Prayer of Examen

Prayer for Lighting the Shiva Candle -- Jewish Ritual

In the Theology of Ministry class I am taking for my DMin, one of my fellow students, Minicat Leung, produced a ten-minute video for the class to pray along with.  The video is based on the Ignatian Prayer of Examen, and I found it helpful in focusing my thoughts.  Through praying along with the video I was able to slow down and direct my heart and mind toward God.

If you are looking for some help with your prayer life I would encourage you to check it out!

Here is the Link!

Follow Along Prayer

Redeeming the Time

And whatever you ask in prayer, you will receive, if you have faith.  (Matthew 21:18 – ESV)

When I was a young man I thought this verse meant that if I had enough faith I could do mighty acts that and could get whatever I wanted from God. What I realize now is that having faith asking for things that reflect the will of the Father. Remember that Jesus did not do whatever he wanted, his faith directed his mind and heart towards God; furthermore, his faith shaped his desires to want God’s will rather than his own. By faith, Jesus went to the cross and rejected the rewards of the devil. Because of Jesus’ perfect faith in God he accomplished things that we, still caught up in our own will, cannot even imagine.  However, Jesus says, if we have even a portion of the faith He did we can do the kinds of things he did.

Do not despair if you do not have the faith of Jesus, or even a portion of Jesus’ faith,  because faith has the potential, in the power of the Holy Spirit to grow! I have read about the concept of redeeming time – to use it for the glory of God.  John Wesley, an 18th Century pastor, wrote

“Think, and speak, and do what you are persuaded Christ himself would do in your case, were he on earth. It becomes a Christian, rather to be an example to all, who was, and is, and ever will be, our absolute pattern. O Christians, how did Christ pray, and redeem time for prayer!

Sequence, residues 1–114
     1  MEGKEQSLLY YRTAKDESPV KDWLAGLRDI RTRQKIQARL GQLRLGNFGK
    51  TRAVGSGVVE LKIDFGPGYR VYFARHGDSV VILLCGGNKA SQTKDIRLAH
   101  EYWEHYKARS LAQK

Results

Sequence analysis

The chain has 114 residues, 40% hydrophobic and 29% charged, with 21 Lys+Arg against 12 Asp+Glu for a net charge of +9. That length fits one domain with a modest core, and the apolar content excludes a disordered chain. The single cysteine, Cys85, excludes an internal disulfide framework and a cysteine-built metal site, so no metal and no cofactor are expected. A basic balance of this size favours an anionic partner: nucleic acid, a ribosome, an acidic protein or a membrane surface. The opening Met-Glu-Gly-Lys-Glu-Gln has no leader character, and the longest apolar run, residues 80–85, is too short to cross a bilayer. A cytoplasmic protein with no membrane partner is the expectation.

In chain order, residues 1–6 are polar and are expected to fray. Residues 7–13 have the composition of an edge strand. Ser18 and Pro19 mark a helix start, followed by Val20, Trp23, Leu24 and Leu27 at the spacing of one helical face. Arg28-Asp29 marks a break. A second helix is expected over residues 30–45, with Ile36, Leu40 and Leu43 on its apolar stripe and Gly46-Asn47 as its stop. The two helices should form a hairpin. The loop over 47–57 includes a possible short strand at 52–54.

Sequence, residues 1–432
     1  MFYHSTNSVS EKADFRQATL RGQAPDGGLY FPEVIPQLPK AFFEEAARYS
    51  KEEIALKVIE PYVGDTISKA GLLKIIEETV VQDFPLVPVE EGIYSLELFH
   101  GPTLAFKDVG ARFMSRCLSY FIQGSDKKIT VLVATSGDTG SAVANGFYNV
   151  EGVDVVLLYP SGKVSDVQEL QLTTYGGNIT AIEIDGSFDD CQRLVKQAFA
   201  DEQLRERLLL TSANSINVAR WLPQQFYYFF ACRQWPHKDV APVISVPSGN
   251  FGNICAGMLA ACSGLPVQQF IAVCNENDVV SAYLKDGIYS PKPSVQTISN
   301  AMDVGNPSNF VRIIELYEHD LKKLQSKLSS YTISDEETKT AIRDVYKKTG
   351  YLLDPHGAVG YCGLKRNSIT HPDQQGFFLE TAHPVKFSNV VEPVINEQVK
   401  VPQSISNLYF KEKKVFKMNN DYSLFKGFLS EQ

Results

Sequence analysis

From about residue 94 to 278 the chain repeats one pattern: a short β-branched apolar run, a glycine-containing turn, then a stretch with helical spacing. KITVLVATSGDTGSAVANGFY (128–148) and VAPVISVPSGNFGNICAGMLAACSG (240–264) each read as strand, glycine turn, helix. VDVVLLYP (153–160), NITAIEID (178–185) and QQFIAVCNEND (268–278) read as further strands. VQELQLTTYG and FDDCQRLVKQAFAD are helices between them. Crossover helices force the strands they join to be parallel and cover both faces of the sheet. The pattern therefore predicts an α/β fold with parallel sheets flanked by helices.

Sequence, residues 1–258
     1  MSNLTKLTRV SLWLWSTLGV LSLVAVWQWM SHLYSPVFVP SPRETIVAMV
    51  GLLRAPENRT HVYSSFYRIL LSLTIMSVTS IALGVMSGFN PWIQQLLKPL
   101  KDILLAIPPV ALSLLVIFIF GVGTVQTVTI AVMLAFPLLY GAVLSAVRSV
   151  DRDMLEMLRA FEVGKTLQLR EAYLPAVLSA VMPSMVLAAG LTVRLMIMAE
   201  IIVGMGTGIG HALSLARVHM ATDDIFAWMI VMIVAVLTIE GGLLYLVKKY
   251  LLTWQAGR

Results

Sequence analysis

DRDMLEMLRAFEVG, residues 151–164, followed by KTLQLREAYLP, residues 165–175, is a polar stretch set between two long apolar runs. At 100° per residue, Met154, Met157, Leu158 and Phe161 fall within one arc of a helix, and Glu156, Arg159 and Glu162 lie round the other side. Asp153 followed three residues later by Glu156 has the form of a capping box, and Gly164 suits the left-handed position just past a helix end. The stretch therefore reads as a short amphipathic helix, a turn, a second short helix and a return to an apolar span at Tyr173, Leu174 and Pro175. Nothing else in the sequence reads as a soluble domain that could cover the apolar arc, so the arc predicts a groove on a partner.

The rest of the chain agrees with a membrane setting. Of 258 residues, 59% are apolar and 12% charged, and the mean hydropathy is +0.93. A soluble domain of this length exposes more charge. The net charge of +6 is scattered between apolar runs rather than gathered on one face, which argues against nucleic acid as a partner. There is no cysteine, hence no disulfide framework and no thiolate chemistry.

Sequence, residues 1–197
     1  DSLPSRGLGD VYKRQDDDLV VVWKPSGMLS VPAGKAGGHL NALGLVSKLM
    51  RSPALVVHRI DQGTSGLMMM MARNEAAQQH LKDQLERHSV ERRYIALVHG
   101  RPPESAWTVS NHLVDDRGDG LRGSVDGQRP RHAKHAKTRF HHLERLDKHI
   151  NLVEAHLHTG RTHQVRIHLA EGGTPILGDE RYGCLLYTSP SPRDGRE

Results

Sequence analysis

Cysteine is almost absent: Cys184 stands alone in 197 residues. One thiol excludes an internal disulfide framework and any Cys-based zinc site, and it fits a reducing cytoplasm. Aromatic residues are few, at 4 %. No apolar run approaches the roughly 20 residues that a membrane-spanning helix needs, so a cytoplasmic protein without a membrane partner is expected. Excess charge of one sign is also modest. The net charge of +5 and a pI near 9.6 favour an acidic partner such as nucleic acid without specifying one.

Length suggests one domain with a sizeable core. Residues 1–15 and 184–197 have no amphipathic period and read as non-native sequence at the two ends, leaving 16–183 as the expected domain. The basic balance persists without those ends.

John Wesley

Redeeming time means using the time we are wasting on non-essential activities (binge-watching anyone?) and giving it over to God. My hope is that we will redeem the time we have in our various degrees of isolation by growing in our faith, increasingly transforming our faith into the faith of Christ.

Today, when you feel worried or afraid when you question what tomorrow will bring, redeem that time by turning to God in prayer and trust your health and life into His hands.  Submit to God’s plan for your life, just as Jesus did, and by trusting Him even with the smallest amount of your life, your faith will grow so you can trust Him even more tomorrow.

Living Faithfully in Challenging Times


13:1 Just before the Passover feast, Jesus knew that his time had come to depart from this world to the Father. Having loved his own who were in the world, he now loved them to the very end. 13:2 The evening meal was in progress, and the devil had already put into the heart of Judas Iscariot, Simon’s son, that he should betray Jesus. 13:3 Because Jesus knew that the Father had handed all things over to him, and that he had come from God and was going back to God, 13:4 he got up from the meal, removed his outer clothes, took a towel and tied it around himself. 13:5 He poured water into the washbasin and began to wash the disciples’ feet and to dry them with the towel he had wrapped around himself. John 13:1-5
What does it mean to be a Christian in times like these, where the fear of disease is genuine? I believe that this day of global pandemic is one of the greatest tests of our Christian character. What we do, what we say (what we repost?) in challenging times points to who and what we believe!
Jesus’ also lived in challenging times, especially as he approached Jerusalem. At this point in the Scriptures (John 13:1-5), Jesus is approximately one week out from his crucifixion and so the text gives us an example of how Jesus operates under pressure. Notice that Jesus is not lounging about, nor is he running from the task before him; instead, we find him served by Mary (last week’s sermon) and serving his disciples. In other words, when he was in the midst of his greatest trial, death on the cross, he sought not isolation, but a community of people.